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How to write a salary negotiation email
The cost of living crisis means many of us are struggling to survive with our salaries. The solution? Negotiating a higher salary.
Salary negotiation emails aren’t easy to write, but they are essential if you want to increase your earnings (and who doesn't?). Typically, you’ll negotiate your salary when you accept a new job, but you can also attempt to get a raise when you get an internal promotion.
If you’re wondering how to negotiate a salary, we’ll break down the process for you into simple steps. We explain how to structure a salary negotiation email and how to present the best case for a pay rise.
To illustrate the principles, we provide 8 salary negotiation email templates. Next time you negotiate your salary via email, you’ll get more by following our advice!
If you need help, the fastest way to nail a professional tone, grammar and format is using Flowrite:
Why negotiate your salary?
So many jobs nowadays don’t advertise a salary. Instead, they say something like, “tell us your salary expectations.”
In other cases, they provide two figures – a lower and an upper figure. This means that the salary is negotiable, and you have leeway.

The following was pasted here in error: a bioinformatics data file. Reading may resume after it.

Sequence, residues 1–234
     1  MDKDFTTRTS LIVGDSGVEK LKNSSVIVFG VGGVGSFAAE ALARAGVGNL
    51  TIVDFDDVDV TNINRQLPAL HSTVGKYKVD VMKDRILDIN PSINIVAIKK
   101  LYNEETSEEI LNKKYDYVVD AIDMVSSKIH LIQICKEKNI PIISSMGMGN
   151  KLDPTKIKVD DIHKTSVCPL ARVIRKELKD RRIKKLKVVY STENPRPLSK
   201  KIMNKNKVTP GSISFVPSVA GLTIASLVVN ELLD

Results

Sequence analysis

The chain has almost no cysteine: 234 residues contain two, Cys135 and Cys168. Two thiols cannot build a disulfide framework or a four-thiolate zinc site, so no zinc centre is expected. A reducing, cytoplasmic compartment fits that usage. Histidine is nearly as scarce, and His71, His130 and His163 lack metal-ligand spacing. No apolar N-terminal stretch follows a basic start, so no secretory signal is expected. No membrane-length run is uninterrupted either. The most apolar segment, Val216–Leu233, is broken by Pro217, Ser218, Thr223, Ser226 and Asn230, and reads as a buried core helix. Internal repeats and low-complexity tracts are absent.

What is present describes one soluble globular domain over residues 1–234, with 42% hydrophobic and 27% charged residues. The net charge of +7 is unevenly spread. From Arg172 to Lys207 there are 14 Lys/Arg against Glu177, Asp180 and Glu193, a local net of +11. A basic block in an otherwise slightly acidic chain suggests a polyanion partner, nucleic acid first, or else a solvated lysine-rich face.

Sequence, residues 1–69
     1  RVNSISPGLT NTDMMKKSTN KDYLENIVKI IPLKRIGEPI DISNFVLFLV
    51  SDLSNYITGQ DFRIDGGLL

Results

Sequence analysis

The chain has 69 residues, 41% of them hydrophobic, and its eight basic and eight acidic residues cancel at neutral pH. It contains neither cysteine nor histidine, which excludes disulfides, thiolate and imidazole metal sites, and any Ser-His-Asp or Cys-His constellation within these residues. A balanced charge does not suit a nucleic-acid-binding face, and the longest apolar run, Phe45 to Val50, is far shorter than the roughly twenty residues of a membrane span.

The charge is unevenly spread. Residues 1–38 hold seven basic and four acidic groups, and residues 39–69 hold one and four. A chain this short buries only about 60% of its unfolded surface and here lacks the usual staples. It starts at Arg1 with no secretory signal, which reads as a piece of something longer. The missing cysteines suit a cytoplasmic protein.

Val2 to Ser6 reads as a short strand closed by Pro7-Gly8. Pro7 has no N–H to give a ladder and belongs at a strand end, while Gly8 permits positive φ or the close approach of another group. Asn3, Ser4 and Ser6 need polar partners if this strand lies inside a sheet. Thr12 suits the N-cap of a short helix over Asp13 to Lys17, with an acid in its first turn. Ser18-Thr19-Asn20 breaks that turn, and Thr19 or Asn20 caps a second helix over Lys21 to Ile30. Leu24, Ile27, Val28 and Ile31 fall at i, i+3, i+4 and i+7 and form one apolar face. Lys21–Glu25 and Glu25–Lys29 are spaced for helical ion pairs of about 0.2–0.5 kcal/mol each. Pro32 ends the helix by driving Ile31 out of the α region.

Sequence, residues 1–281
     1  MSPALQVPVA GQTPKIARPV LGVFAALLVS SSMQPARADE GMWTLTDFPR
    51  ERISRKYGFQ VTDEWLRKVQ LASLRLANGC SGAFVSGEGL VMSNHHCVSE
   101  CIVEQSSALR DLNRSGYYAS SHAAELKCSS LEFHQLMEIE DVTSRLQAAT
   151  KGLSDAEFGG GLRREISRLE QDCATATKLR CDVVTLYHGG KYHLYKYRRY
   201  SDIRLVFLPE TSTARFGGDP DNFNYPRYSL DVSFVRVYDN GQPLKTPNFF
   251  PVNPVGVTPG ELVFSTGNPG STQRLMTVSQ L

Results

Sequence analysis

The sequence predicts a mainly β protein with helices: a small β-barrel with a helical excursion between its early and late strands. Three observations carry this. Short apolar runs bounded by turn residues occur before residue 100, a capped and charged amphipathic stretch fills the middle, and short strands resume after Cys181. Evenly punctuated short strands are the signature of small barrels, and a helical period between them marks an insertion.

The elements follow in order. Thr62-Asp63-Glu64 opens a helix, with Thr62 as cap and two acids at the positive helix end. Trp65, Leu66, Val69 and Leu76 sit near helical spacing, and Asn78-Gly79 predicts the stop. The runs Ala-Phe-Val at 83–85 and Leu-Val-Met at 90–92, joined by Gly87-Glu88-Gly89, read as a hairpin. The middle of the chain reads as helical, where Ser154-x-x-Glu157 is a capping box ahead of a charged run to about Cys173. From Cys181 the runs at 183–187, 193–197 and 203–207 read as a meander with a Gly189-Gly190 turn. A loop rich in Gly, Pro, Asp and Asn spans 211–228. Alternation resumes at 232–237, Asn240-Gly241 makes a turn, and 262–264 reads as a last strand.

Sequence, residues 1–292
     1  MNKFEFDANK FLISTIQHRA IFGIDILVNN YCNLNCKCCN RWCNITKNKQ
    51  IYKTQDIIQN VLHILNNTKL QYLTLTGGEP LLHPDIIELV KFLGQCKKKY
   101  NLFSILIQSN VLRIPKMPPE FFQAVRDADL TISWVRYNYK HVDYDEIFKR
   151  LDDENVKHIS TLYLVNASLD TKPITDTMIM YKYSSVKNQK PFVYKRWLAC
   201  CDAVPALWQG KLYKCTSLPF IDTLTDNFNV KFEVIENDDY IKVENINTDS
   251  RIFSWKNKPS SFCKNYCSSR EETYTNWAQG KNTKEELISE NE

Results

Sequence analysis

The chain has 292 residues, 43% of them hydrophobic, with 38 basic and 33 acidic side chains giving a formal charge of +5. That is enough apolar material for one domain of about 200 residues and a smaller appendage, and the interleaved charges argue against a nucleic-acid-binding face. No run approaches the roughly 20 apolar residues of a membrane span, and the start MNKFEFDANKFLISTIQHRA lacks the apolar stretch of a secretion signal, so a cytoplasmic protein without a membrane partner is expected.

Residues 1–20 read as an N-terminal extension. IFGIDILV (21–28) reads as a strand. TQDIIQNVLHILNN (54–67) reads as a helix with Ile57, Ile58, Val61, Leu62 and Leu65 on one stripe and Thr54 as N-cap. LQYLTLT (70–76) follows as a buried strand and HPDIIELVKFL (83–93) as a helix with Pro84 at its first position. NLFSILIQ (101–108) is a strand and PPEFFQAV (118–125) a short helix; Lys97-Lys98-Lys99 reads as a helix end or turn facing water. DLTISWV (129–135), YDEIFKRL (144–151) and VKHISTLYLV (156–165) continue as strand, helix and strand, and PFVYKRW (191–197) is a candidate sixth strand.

When the company makes you an offer, in most cases, they’ll try and pay you the lowest they can. There’s nothing wrong with that; they’re a business, after all. You need to know that, in most cases, there is some flexibility in the starting salary. But you’ll need to fight to get a raise.
Some people find salary negotiations to be complicated. They’re worried that the business may remove the offer. But you have to put this aside. Salary negotiations are, in most cases, part of doing business.
As long as you are polite and professional with everyone, you won’t have a problem. If you’re rude or unreasonable, that’s another story.
The bottom line is you can and should attempt to negotiate your salary if you think you should earn more.
Should you negotiate salary over email or phone?
The first question is: can you negotiate salary over email? Yes, of course, you can! So many of us now work flexibly that we may never get to meet and chat with our bosses in person.
Email is a great way to negotiate a raise because it lets you present a complete case. You can highlight why you deserve a raise (excellent performance, significant achievements, another job offer, etc.).
Some guides suggest asking for a raise in person, but we disagree. Firstly, it may not be possible for you to meet your new manager in person.
Secondly, sending an email enables you to set out your case for a higher salary, provide evidence, and offer reasons why.
Lastly, an email enables you and your manager to save face if the answer is a hard no.
Will an email on its work? Probably not. You’ll likely need to speak to your manager, HR team, or senior boss to get any raise signed off, but that’s OK. The email is the start of the process.
How to ask if the salary is negotiable via email